Review of My Best Friend

My Best Friend
by Julie Fogliano; illus. by Jillian Tamaki
Preschool    Atheneum    32 pp.
3/20    978-1-5344-2722-8    $17.99
e-book ed.  978-1-5344-2723-5    $10.99

What begins on the title spread as a small redheaded girl hesitantly approaching another girl on a tire swing becomes an ode to making friends. Our narrator gleefully shares this discovered joy: “i have a new friend / and her hair is black / and it shines / and it shines / and she always laughs at everything.” In digital illustrations rendered entirely in complementary shades of blush and green, the two preschoolers romp between leafy trees and rows of flowers at a park. The earnest, unrestrained text plays alongside the pair, each stanza following the girls’ movement as they twirl in loops or draw with chalk or quack like ducks. By the time the two part ways, the narrator already has plans in mind for the next time they’re together: “i’m not sure about her name / but i will ask her tomorrow / and she will tell me then / because we are best friends.” The two-toned palette and mostly white backdrop create the impression that the girls, if only for a brief time, exist in a world all their own, while the energetic, curved lines of the illustrations mirror the constant motion of young children’s play. The book honors the details of such simple and unaffected love, capturing intimately shared laughter and, during a pause in the action at its center, a tight hug around the neck. With text, color, and line cooperating seamlessly, Fogliano and Tamaki forge a friendship that rings true.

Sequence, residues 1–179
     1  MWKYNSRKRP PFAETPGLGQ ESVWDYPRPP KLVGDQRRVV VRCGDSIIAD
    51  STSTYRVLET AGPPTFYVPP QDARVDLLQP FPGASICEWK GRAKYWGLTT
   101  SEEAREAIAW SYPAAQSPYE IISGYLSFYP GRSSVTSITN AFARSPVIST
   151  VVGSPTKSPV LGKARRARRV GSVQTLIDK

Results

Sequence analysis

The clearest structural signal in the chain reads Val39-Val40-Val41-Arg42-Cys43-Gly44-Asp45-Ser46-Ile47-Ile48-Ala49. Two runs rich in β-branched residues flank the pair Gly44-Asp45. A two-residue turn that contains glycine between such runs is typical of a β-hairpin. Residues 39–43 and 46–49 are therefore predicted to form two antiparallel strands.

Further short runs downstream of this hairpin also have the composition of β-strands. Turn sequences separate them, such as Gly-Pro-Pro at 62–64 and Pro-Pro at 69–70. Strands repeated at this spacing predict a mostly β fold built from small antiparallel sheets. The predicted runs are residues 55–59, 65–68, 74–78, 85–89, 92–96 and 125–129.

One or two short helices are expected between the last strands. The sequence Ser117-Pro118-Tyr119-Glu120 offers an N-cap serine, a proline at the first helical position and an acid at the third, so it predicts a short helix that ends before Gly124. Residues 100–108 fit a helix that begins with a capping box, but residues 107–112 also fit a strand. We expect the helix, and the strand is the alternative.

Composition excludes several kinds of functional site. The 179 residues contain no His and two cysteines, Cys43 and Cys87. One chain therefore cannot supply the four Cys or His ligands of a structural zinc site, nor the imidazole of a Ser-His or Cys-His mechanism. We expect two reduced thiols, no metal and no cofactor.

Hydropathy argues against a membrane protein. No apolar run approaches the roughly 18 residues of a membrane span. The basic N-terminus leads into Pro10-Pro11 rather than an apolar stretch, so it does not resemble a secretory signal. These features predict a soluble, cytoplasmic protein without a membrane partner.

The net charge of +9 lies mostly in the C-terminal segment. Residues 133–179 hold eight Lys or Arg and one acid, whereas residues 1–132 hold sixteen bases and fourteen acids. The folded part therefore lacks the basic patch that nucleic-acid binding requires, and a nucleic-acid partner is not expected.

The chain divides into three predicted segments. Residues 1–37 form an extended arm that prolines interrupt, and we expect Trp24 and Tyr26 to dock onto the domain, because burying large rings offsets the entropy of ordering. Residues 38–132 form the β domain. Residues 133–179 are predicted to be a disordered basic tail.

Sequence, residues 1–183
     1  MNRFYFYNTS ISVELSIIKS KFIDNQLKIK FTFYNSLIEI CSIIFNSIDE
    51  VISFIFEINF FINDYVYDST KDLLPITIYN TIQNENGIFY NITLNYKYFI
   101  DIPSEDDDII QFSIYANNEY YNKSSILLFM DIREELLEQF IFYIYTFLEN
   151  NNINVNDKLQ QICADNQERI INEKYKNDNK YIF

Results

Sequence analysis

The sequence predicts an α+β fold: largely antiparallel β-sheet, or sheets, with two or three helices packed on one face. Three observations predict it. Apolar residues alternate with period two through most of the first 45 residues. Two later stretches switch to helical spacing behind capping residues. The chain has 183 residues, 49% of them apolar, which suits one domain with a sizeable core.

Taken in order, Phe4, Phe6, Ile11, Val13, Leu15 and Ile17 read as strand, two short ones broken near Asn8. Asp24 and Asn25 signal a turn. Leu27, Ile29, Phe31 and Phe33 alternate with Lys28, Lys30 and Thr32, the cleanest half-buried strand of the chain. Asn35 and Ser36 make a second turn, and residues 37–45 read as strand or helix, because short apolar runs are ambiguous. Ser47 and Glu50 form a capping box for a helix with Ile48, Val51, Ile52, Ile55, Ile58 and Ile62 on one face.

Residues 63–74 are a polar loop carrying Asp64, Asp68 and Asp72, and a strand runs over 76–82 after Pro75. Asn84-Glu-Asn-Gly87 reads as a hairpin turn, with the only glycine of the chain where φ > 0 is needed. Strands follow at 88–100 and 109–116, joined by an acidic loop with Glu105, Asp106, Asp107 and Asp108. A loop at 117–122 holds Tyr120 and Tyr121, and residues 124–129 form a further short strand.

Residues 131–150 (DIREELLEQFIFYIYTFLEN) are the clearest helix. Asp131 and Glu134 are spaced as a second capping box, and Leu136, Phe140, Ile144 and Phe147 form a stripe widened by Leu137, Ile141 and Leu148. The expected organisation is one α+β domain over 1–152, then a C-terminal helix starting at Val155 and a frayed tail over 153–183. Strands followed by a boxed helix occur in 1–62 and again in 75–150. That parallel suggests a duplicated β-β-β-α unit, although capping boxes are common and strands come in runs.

From the March/April 2020 Horn Book Magazine.

Grace McKinney
Grace McKinney

Grace McKinney holds an MA in Children's Literature from Simmons University and reviews for the Horn Book Magazine. She works at a Montessori school in St. Louis, Missouri, and writes about children's books and Montessori on the blog Cosmic Bookshelf.

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